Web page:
Testing Targeted Cattle Grazing to Suppress Spotted Knapweed – PNWSRM Webinar Series
Once again, BC Chapter offers a webinar series showcasing projects and case studies of young range management professionals and students in the PNW. Each 30 minute webinar will feature a 15 minute presentation followed by questions and discussions.
November 2, 2021
Testing Targeted Cattle Grazing to Suppress Spotted Knapweed
MSc in Environmental Science Candidate, Thompson Rivers University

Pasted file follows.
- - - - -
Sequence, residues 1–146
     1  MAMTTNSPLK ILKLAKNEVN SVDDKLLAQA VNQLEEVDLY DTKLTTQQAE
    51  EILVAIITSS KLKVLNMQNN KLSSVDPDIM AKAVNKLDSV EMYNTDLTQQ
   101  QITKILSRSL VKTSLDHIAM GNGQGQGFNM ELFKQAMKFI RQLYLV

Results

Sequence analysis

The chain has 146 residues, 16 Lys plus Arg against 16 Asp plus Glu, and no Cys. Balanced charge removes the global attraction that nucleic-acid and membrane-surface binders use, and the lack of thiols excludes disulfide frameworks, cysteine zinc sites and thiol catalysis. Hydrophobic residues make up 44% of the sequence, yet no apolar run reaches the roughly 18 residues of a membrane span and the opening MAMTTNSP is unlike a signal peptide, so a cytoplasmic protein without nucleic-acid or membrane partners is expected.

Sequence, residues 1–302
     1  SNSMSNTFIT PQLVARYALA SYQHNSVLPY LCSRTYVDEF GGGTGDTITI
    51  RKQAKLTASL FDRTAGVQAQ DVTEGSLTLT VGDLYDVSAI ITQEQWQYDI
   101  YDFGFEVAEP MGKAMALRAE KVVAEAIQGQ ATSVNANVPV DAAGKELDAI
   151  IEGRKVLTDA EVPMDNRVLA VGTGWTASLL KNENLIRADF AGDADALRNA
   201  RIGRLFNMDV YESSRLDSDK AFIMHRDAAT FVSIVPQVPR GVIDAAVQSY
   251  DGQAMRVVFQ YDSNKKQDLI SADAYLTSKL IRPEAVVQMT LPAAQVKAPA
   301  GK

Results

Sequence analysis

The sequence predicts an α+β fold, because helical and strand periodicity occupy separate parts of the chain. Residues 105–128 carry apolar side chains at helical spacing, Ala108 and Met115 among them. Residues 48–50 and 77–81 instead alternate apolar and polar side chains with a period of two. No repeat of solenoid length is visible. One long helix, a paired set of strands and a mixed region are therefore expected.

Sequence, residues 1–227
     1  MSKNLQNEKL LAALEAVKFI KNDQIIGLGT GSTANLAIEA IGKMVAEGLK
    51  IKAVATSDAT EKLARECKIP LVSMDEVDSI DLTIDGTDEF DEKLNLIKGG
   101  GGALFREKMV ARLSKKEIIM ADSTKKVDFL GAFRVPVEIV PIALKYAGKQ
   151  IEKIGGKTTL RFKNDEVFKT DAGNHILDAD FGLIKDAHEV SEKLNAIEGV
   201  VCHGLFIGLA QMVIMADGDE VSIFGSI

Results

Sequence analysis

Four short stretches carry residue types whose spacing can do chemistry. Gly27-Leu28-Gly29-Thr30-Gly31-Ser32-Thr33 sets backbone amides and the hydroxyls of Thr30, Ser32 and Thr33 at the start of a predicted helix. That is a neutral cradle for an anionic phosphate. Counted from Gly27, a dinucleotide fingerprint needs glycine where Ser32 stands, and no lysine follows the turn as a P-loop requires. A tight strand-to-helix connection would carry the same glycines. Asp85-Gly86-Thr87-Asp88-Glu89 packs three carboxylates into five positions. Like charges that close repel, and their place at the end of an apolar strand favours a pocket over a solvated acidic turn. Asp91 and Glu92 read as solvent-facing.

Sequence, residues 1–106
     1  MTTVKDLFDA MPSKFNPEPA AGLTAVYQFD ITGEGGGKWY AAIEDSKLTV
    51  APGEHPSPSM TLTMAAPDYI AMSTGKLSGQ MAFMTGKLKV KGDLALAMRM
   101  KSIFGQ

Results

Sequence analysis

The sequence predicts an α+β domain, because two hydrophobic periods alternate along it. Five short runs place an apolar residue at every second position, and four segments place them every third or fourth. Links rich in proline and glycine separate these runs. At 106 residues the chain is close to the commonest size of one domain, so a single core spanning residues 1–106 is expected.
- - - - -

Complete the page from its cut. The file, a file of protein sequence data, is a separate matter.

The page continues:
Invasive species pose a significant threat to the livelihood of British Columbia (BC) ranchers. Spotted knapweed (Centaurea stoebe), in particular, can reduce native plant diversity, form dense monocultures and overwhelm the native seed bank. Integrated rangeland management strategies are therefore needed to suppress weeds and restore ecological function as a whole. Our research took place in Merritt, BC, and tested the efficacy of targeted cattle grazing to help control C. stoebe in native, semi-arid rangelands. We found that targeted cattle grazing was effective in controlling C. stoebe seed production; cattle readily consumed C. stoebe at the late bud-flowering stage and reduced the number of mature seeds by 88% and seed heads by 79%. At the point of targeted grazing, C. stoebe also contained more crude protein and total digestible nutrients than the grass community. Research results will generate targeted cattle grazing protocols for C. stoebe control, and we will assess whether intensive grazing practices can create productive invasive-free rangelands in BC’s Southern Interior.
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